The mediator between genes and the environment is epigenetics, and one epigenetic factor is DNA methylation. In paper V, we compared methylation patterns of wolves and dogs as well as dog breeds. Between both wolves and dogs and among dogs there were substantial differences in methylated DNA regions, suggesting that DNA methylation is likely to contribute to the vast variation among canines. We hypothesize that epigenetic factors have been important during domestication and in breed formation.

In this thesis, I cover several aspects on how dogs’ behaviours can be affected, and paint an intricate picture on how genetics, epigenetics, and human-dog relations forms dog behaviour.

Place, publisher, year, edition, pages
Linköping: Linköping University Electronic Press, 2019. p. 49
Linköping Studies in Science and Technology. Dissertations, ISSN 0345-7524 ; 1989
National Category
Evolutionary Biology Zoology Behavioral Sciences Biology Genetics
urn:nbn:se:liu:diva-156353 (URN)10.3384/diss.diva-156353 (DOI)9789176850725 (ISBN)
Public defence
2019-05-09, Planck, Fysikhuset, Campus Valla, Linköping, 09:15 (English)
Available from: 2019-04-17 Created: 2019-04-17 Last updated: 2019-04-17Bibliographically approved
Ericsson, M., Henriksen, R., Bélteky, J., Sundman, A.-S., Shionoya, K. & Jensen, P. (2016). Long-Term and Transgenerational Effects of Stress Experienced during Different Life Phases in Chickens (Gallus gallus). PLoS ONE, 11(4), Article ID e0153879.
Open this publication in new window or tab >>Long-Term and Transgenerational Effects of Stress Experienced during Different Life Phases in Chickens (Gallus gallus)
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2016 (English)In: PLoS ONE, ISSN 1932-6203, E-ISSN 1932-6203, Vol. 11, no 4, article id e0153879Article in journal (Refereed) Published
Abstract [en]

Stress in animals causes not only immediate reactions, but may affect their biology for long periods, even across generations. Particular interest has been paid to perinatal stress, but also adolescence has been shown to be a sensitive period in mammals. So far, no systematic study has been performed of the relative importance of stress encountered during different life phases. In this study, groups of chickens were exposed to a six-day period of repeated stress during three different life phases: early (two weeks), early puberty (eight weeks) and late puberty (17 weeks), and the effects were compared to an unstressed control group. The short-term effects were assessed by behaviour, and the long-term and transgenerational effects were determined by effects on behavior and corticosterone secretion, as well as on hypothalamic gene expression. Short-term effects were strongest in the two week group and the eight week group, whereas long-term and transgenerational effects were detected in all three stress groups. However, stress at different ages affected different aspects of the biology of the chickens, and it was not possible to determine a particularly sensitive life phase. The results show that stress during puberty appears to be at least equally critical as the previously studied early life phase. These findings may have important implications for animal welfare in egg production, since laying hens are often exposed to stress during the three periods pinpointed here.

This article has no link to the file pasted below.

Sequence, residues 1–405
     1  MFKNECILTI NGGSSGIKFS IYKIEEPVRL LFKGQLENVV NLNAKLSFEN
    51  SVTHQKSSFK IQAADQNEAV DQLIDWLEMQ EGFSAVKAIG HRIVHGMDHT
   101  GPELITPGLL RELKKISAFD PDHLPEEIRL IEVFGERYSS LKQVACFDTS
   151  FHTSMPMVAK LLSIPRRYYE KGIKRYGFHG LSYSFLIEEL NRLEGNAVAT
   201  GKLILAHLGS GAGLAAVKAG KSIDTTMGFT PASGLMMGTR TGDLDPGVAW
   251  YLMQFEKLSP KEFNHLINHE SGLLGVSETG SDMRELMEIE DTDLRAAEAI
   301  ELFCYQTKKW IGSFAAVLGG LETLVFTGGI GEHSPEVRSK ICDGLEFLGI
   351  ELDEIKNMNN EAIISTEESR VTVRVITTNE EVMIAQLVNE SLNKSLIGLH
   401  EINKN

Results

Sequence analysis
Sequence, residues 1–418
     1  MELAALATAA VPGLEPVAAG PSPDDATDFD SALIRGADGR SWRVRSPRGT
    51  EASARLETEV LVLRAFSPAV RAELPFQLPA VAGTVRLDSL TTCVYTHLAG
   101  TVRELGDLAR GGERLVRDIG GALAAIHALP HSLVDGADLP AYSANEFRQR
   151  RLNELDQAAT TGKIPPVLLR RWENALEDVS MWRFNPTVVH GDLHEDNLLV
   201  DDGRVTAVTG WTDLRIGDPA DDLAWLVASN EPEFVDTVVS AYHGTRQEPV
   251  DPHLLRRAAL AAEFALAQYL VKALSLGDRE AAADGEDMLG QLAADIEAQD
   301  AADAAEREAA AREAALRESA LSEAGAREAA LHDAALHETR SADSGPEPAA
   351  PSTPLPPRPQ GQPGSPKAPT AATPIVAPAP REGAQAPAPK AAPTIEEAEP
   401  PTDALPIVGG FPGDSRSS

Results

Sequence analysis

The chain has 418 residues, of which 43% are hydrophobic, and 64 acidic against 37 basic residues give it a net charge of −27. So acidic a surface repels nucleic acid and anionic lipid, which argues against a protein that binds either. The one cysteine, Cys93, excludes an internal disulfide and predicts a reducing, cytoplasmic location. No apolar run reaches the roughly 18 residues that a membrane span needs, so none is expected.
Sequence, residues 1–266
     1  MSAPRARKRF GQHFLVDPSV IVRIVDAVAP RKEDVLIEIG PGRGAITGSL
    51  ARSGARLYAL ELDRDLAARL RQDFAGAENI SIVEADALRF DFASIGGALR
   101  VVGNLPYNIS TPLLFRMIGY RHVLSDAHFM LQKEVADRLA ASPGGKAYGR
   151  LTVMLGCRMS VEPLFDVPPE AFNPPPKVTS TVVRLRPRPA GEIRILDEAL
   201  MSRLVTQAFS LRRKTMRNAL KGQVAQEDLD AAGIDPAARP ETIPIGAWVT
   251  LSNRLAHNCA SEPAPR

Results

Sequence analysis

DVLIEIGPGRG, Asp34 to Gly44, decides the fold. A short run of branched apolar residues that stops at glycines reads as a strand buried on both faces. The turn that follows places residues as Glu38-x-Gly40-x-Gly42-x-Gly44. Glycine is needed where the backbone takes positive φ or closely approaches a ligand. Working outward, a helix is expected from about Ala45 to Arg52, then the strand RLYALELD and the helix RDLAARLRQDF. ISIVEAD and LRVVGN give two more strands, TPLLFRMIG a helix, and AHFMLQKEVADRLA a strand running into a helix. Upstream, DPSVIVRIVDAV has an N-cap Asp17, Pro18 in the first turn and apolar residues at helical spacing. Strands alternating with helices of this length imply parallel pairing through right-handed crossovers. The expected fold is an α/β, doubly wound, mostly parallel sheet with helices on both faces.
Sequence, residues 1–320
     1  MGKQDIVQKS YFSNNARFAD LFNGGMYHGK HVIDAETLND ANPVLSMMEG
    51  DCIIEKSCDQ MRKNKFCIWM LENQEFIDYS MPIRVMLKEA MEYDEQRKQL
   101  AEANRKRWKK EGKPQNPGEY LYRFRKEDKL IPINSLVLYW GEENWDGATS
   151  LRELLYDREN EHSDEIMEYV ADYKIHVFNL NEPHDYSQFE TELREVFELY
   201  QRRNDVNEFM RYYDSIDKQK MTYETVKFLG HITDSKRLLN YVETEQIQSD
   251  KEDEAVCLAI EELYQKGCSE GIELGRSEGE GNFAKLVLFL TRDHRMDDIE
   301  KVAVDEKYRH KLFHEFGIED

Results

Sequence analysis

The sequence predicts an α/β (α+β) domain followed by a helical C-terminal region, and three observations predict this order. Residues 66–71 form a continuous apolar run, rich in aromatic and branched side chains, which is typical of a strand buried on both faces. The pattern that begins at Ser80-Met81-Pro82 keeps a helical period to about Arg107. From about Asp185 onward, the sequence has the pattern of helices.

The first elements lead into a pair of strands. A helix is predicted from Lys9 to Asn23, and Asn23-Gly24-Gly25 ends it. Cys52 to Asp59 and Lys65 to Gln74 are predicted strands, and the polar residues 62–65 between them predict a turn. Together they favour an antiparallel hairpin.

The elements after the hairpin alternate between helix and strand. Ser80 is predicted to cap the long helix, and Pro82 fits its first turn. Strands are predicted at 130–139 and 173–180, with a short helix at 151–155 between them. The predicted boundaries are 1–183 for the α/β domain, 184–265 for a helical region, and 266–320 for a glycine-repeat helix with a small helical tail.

Place, publisher, year, edition, pages
Plos One, 2016
National Category
Developmental Biology Cell Biology
urn:nbn:se:liu:diva-127492 (URN)10.1371/journal.pone.0153879 (DOI)000374565100026 ()27105229 (PubMedID)
Swedish Research Council, 621-2011-4731 (PJ)Swedish Research Council Formas, 221-2011-1088 (PJ)EU, European Research Council, 322206 (PJ)

Funding agencies: Swedish Research Council [621-2011-4731]; Swedish Research Council for Environment, Agricultural Sciences and Spatial Planning [221-2011-1088]; European Research Council [322206]

Available from: 2016-04-28 Created: 2016-04-28 Last updated: 2017-11-30Bibliographically approved